ATLANTA, GA - APRIL 21: Jon Jones celebrates defeating Rashad Evans by unanimous decision in their light heavyweight title bout for UFC 145 at Philips Arena on April 21, 2012 in Atlanta, Georgia. (Photo by Kevin C. Cox/Getty Images)
Did you hear the one about the cancelled Ultimate Fighting Championship (UFC) event?
The promotion canceled its first-ever event in its history, which was supposed to go down this past weekend (Sept. 1, 2012) in Las Vegas, Nevada in the form of UFC 151. The card was to be headlined by UFC light heavyweight champion Jon Jones defending his title against the heavy-handed veteran, Dan Henderson.
One injury to "Hendo" later, followed by a declined last-minute replacement fight from Jones to take on Chael Sonnen, and the event was scrapped altogether, leaving fans disappointed and the UFC's head honchos furious.
In the wake of all the fallout, one of the, if not the biggest star on the promotion's roster at that moment, Jones, took a major blow in his popularity, image, favor with ZUFFA -- whatever you want to label it -- for not accepting the bout with Sonnen.
For the most part, "Bones" has kept quiet, taking to his Twitter account from time-to-time to address the drama surrounding the recent events. To no surprise, many were still not satisfied, wanting to hear from the man himself, wanting to either see him or hear his voice, giving his side of the story.
Now, the 205-pound kingpin opens up, for the first time, about all the events leading up to the promotion's fateful decision to cancel UFC 151, and the aftermath that ensued.
After the jump, see some of the highlights of what Jones had to tell MMA Fighting's Ariel Helwani via The MMA (After) Hour:
"No, I don't regret my decision at all; I actually think it was a really smart, personal career decision. I think now is probably a better time talk about it, now that people's emotions are a little bit out of the way and people can use their logic and think here and really dissect the situation and what really happened."
On his reason(s) on why he declined the bout with Sonnen:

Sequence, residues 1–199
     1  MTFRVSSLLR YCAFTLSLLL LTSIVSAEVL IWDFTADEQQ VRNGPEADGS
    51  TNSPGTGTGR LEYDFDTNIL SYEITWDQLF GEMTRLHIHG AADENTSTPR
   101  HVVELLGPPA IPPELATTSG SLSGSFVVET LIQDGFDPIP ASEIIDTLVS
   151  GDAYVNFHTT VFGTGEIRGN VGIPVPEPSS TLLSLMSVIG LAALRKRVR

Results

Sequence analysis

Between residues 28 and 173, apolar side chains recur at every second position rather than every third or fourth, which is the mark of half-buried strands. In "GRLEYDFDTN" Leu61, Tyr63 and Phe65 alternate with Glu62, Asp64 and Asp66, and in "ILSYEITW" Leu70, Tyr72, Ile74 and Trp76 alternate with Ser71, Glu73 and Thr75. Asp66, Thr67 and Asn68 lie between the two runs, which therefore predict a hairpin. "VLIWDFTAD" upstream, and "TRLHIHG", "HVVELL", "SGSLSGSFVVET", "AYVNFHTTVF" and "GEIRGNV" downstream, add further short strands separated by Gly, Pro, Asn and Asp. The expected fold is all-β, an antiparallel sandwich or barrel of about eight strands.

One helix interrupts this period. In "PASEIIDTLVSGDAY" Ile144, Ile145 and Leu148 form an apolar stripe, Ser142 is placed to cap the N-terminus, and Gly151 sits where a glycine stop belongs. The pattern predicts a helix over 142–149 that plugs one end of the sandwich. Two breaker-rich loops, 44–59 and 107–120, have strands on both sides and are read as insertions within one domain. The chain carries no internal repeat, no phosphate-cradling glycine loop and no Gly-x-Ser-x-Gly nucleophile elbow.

"The main reason, well there is a few main reasons why I decided not to fight Chael Sonnen, and the reasons are, you know, first reason is I talked to my coaches about it right away. I got my boxing coach together with my Muay Thai coach, I brought my wrestling coach and I brought my jiu-jitsu coach and who is also Greg Jackson, my strategist and jiu-jitsu coach. So, here I am, I'm with my staff of coaches, in and out, they know my weaknesses, they know my strengths, they know how I've prepared my muscles to react. And each coach said to me right away, 'No doubt, we can win this fight.' They honestly believed I could win the fight, but, they also said, I want you to be aware of the fact that you prepared for a complete opposite style to Dan Henderson. Henderson is a fighter that uses his overhand right, he uses his straight right, his right uppercut, he crosses over to his right a little bit. He shoots, he has this certain type of clinch game that he does. He's a good scrambler, he doesn't really pressure into you, anyways, I'm not going to get into all the details about the fight because it probably sounds taboo to people who don't really understated fighting deeply. To sum it up, Chael Sonnen is a southpaw, he has completely different pressure, different take downs, his head is on the opposite side, his ground and pound is different, he's subset able different submissions. Just a completely different warrior, completely different warrior. So that was the main factor, reason why I didn't to take the fight on last minute notice. I don't think people realize, just because your a UFC fighter, doesn't mean you walk around everyday, taking fights, thinking your the toughest man on the planet. I think it would have been extremely arrogant on my part to take the fight, to assume, I could beat one of the top five, top ten fighters on the planet without preparing for him whatsoever. That would be extremely ignorant.
Jones touched on how he answers critics who blasted him for not taking the fight, while praised Sonnen for accepting short notice: